U.S. cranberry farmers, who spent millions of dollars to replant and expand bogs, face a financial crisis after a huge harvest in Canada flooded the market and sent prices plummeting.
Farmers in Wisconsin, the leading cranberry producer, have been working for years to expand their acreage at the request of Ocean Spray and other processors who expected to see strong growth in overseas sales of juice and sweetened, dried cranberries.
Growth has been slower than expected, however, as nations continue to struggle with the Great Recession and its aftermath, said Tom Lochner, executive director of the Wisconsin State Cranberry Growers Association. Growth of 2 percent to 3 percent overseas, coupled with flat demand in the U.S., left farmers with a huge excess of cranberries this fall after an unexpected jump in production in Canada, he said.
Farmers who don’t belong to the Ocean Spray cooperative are getting $22 to $28 per 100 pounds for a fall crop that cost them $25 to $30 per 100 pounds to grow, Lochner said. Prices for the 2013 crop could drop as low as $15 to $18 per 100 pounds if nothing is done, he said.
“We need to move some fruit,” Lochner said.
Ocean Spray cranberry growers earn more because they own the cooperative and share its profits.
The U.S. Department of Agriculture had predicted the 2012 crop would be worth nearly $48 per 100 pounds. It announced last week that it will buy up to $5 million worth of cranberry products for domestic food assistance programs. Lochner said that will take 110,000 to 130,000 barrels of cranberries off the market, but it falls short of the 500,000 barrels the industry had hoped the government would buy. Each barrel weighs 100 pounds.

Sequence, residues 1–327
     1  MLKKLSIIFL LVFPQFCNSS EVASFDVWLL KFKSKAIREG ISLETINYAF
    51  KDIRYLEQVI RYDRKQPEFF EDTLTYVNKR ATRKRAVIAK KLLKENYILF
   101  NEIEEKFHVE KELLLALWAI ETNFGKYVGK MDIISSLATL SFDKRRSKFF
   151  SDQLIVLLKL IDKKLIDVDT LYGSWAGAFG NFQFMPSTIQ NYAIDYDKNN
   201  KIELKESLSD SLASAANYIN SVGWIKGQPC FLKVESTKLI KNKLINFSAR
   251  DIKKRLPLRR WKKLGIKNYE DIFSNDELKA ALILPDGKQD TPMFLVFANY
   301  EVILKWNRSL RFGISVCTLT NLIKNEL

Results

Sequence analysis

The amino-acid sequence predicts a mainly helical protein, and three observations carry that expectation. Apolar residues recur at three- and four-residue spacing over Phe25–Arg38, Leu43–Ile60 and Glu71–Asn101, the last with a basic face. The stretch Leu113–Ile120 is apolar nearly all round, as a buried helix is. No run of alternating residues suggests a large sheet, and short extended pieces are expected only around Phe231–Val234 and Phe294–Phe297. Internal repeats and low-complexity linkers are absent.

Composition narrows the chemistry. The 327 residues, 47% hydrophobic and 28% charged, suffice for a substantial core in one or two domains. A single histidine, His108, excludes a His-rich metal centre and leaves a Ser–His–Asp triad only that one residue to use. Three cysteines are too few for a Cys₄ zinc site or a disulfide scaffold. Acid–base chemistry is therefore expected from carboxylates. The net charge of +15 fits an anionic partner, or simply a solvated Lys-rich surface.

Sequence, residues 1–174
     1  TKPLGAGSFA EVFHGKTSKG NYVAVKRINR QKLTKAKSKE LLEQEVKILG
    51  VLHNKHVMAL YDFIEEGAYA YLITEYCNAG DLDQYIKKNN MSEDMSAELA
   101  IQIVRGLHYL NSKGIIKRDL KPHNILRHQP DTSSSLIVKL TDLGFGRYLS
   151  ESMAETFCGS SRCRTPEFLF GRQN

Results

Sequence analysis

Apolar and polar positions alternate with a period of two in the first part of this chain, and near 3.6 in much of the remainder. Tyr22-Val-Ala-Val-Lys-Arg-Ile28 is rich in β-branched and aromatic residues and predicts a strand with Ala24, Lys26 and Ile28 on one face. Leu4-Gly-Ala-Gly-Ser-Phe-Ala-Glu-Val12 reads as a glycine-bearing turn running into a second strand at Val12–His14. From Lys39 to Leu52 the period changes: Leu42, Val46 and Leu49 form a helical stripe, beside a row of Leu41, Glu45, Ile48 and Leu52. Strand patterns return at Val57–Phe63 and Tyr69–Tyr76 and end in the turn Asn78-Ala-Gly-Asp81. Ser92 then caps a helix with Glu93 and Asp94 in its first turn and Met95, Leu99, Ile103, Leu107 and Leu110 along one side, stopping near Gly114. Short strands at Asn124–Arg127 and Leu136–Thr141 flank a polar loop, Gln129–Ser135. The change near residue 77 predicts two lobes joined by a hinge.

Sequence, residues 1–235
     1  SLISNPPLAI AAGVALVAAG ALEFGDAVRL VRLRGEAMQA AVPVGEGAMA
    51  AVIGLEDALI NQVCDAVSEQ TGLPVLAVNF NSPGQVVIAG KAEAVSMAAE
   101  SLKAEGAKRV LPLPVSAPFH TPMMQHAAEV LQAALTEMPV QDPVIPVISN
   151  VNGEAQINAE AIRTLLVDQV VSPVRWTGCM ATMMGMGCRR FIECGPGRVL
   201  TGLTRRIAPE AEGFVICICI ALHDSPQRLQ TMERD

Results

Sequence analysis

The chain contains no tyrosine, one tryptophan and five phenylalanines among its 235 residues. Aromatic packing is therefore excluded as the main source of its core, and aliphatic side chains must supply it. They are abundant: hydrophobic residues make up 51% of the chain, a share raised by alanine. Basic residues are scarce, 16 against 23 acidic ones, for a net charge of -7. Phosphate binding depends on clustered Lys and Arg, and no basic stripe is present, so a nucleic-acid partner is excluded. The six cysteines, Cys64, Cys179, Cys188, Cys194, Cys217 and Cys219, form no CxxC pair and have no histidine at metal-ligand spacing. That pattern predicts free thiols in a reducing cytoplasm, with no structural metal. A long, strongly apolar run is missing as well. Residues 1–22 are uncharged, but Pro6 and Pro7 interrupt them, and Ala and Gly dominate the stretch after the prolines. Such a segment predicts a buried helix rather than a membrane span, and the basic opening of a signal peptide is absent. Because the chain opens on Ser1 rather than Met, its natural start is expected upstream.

“It’s a very significant start,” Lochner said.
The drop in prices comes after many growers invested in replanting or creating new bogs. Before the recession, Ocean Spray had asked its growers to plant 5,000 new acres in the next five to 10 years. Wisconsin and the federal government adjusted their permitting processes in 2008 to foster that expansion.
In Massachusetts, growers have been renovating old bogs to reduce water use and increase productivity, said Dawn Gates-Allen, communications manager for the Cape Cod Cranberry Growers Association. She and her husband replanted a 1 1/2 -acre bog in 2009 at a cost of about $60,000. Along with putting in new vines, they leveled out the bog, which had sunk over time so that one end was two feet deeper than the other. That allows them to use less water.
“To be sustainable and to be competitive as a farmer, consumers want to know we are doing friendly things to our land,” Gates-Allen said.
But if cranberries sell at $35 per 100 pounds, it would take their small farm on the border of Freetown and Rochester 15 years to make back the investment, Gates-Allen said. Right now, prices aren’t close to that.
Overall, the U.S. produced 402,300 tons of cranberries last year, up from 385,700 the year before. It produced 327,700 tons in 2007 before the push for expansion began in earnest. Wisconsin and Massachusetts account for about 85 percent of the U.S. cranberry crop.
Lochner said cranberry farmers understand that while they are getting help from the federal government this year, they have to work to boost sales. The industry’s marketing group, and processors such as Ocean Spray, have worked to introduce the fruit in Europe, with good success in sales of sweetened, dried cranberries. And sales of dried fruit and juice are growing in Mexico and Australia, he said.
They plan to focus next on Asia, specifically China, but Lochner said creating a taste for the fruit that’s native to America takes time.
“A lot of countries don’t even have a word in their vocabulary” for cranberries, he said.